San Geronimo Elementary parents leery of pharmaceutical companies and additives are far more likely to forgo immunizations compared to parents at other West Marin schools, according to data released by the state. Exemptions to vaccination requirements at the school, however, shrank for the second consecutive year.
Still, nearly half of San Geronimo students continued to abstain, and as the countywide exemption rate climbed last year to almost three times the statewide average, numbers remain far above what most health officials say is necessary to maintain mass immunity.
Students entering kindergarten are required to be vaccinated against a host of maladies like polio, measles and pertussis, but California allows parents to sign a waiver, called a personal belief exemption, if they oppose the shots.
About 20 states allow philosophical exemptions, and every state except for West Virginia and Mississippi permits religious exemptions.
Marin parents are increasingly taking advantage of belief exemptions—which are more common in affluent and well educated populaces—but a new law set to take effect next year will require a medical consultation before they can obtain a belief exemption.
In the 2012-2013 school year, 13 of 29 students, or 45 percent, of San Geronimo kindergarteners entered school without the typical suite of vaccines because their parents signed belief exemptions. That rate was even higher in 2011-2012, when 50 percent requested exemptions, and in 2010-2011, when 63 percent opted out.
Students in other West Marin schools were more likely to enter kindergarten fully vaccinated.
At Inverness School, three of 17 students had belief exemptions last year, as did one of 10 students at Lagunitas Elementary. No kindergarteners at Tomales or Bolinas Elementary had an exemption, although in 2011-2012, four of 15 Bolinas kindergarteners opted out (and three of 16 the year before).
Countywide, the belief exemption rate climbed from 6.8 to 7.8 percent of kindergarteners last year, close to triple the statewide rate of 2.8 percent. “I was disappointed [in the increase],” said Sharayn Forkel, director of immunizations for the county health department and a registered nurse. Marin’s rate has climbed steadily since 2003, when it was at 2.8 percent.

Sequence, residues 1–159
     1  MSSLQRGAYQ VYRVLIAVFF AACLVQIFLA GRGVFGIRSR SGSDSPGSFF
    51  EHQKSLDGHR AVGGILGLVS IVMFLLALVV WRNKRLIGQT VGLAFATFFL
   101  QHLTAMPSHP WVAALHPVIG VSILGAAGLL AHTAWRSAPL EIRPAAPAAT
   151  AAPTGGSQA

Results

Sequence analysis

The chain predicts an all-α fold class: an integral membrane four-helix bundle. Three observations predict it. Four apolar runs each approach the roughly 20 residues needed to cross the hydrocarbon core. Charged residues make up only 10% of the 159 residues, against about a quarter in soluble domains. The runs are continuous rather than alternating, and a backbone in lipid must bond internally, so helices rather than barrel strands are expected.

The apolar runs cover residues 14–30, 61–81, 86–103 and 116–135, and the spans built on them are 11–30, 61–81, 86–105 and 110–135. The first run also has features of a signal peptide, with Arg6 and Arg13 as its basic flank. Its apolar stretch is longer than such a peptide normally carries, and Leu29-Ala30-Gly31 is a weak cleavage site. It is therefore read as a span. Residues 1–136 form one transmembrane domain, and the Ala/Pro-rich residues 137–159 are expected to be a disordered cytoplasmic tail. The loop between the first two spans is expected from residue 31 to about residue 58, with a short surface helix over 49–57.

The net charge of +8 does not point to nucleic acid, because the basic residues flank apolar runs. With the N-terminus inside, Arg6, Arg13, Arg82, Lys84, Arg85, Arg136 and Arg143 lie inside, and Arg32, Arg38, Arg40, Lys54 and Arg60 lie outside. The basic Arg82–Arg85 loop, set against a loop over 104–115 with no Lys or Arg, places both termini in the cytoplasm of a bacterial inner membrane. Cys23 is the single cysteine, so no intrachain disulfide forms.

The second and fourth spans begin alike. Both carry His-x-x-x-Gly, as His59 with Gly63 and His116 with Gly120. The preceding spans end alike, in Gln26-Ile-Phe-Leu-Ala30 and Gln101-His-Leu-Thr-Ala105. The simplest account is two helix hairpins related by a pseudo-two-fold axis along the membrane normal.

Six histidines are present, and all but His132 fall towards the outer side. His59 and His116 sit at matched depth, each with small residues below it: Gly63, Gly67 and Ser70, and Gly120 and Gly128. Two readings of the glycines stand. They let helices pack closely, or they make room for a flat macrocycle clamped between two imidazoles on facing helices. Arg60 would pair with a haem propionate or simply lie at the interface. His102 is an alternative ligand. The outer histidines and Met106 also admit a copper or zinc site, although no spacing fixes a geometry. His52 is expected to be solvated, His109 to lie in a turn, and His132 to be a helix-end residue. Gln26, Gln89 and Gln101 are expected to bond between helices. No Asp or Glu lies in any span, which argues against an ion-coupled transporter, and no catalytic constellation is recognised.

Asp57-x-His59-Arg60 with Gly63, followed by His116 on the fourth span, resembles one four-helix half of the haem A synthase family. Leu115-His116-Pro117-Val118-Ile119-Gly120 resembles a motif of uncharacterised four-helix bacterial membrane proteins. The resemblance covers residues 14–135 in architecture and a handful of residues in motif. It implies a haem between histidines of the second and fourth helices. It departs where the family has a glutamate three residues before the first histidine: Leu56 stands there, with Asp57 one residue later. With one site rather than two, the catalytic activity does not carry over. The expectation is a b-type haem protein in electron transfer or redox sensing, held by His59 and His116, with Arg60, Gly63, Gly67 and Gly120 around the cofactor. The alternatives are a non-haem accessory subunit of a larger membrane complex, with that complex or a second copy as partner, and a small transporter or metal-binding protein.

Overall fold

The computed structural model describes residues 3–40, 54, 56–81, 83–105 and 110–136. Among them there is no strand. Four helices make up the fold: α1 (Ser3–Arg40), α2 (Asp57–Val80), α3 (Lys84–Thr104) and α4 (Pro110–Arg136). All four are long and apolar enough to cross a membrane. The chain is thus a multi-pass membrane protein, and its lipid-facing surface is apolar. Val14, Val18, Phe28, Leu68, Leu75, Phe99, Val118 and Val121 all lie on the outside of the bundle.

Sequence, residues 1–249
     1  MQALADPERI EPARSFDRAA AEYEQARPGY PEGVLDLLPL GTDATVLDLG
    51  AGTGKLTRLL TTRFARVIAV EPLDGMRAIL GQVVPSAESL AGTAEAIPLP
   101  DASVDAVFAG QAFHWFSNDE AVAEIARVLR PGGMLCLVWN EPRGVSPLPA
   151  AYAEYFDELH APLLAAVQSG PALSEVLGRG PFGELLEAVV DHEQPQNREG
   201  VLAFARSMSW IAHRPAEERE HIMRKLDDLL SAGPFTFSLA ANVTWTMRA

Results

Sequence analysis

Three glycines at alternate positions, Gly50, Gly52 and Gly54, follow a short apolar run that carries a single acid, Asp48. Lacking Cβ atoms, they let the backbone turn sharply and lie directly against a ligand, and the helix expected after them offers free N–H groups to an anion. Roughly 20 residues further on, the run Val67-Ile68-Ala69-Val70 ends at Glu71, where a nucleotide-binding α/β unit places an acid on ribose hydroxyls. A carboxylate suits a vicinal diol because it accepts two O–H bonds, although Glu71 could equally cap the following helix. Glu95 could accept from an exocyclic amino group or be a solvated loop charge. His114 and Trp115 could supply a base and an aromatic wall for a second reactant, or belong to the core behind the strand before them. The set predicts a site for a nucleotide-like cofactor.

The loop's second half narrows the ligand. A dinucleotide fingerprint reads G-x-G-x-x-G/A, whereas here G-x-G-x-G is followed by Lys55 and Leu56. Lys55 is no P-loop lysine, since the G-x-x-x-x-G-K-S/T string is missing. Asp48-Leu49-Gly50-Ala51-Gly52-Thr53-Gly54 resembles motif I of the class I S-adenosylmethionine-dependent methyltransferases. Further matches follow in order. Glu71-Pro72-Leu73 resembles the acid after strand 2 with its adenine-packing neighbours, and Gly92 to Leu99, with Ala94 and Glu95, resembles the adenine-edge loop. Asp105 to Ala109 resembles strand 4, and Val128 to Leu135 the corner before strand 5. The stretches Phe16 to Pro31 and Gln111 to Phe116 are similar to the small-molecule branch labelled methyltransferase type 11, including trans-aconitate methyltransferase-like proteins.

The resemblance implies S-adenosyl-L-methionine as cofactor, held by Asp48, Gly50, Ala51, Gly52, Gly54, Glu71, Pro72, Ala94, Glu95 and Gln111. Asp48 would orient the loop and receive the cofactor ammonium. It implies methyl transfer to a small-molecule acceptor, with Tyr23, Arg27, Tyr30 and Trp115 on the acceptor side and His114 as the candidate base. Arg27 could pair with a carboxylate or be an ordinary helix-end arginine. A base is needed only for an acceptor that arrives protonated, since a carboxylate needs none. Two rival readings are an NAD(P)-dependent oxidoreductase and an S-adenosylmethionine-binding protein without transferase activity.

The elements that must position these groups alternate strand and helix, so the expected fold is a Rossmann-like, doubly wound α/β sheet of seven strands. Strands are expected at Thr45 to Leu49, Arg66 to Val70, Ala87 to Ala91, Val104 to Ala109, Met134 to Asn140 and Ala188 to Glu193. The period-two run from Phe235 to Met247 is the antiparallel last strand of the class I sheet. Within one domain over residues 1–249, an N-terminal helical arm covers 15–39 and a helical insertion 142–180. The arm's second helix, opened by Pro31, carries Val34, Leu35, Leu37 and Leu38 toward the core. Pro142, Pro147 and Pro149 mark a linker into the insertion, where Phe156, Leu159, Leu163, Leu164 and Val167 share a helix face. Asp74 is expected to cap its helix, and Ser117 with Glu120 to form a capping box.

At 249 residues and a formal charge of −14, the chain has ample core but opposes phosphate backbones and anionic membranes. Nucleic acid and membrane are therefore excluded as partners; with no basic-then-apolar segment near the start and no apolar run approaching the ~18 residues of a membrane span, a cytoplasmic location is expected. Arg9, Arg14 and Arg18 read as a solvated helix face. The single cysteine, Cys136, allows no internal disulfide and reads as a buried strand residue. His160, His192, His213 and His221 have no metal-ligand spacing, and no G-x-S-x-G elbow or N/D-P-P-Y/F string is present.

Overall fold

The current county rate, and especially the rate at San Geromino, sits higher than what health officials recommend in order to maintain herd immunity, when high vaccinate rates allow little room for an outbreak.
“Without that kind of herd immunity, you start to develop… the environment for mini epidemics,” said Michael Witte, founder and medical director of the Coastal Health Alliance, which has sites in Point Reyes Station, Bolinas and Stinson Beach.
Health officials say that vaccines are safe and that opt-out rates above five to 10 percent endanger not just the individuals with belief exemptions but other children who may not be vaccinated because they have compromised immune systems, as well as children too young to be vaccinated. In 2010, California had a major outbreak of pertussis, with 9,000 cases statewide—350 in Marin alone—and 10 infants died.
Since January of this year, Marin has over 100 reported cases of pertussis—also known as whooping cough—according to Ms. Forkel. “That is considered high,” she said. The county does not currently track numbers by school but Ms. Forkel said there were some cases in West Marin.
The primary reason parents opt out of vaccinations, Dr. Witte said, is a fear of preservatives or activating agents, such as aluminum or formaldehyde. Fears of autism—stemming from a since debunked 1998 study by a doctor who had his medical license revoked as a result—are less prevalent now, from what he’s seen.
An innate distrust of the pharmaceutical industry and its billions in profits also informs the decision.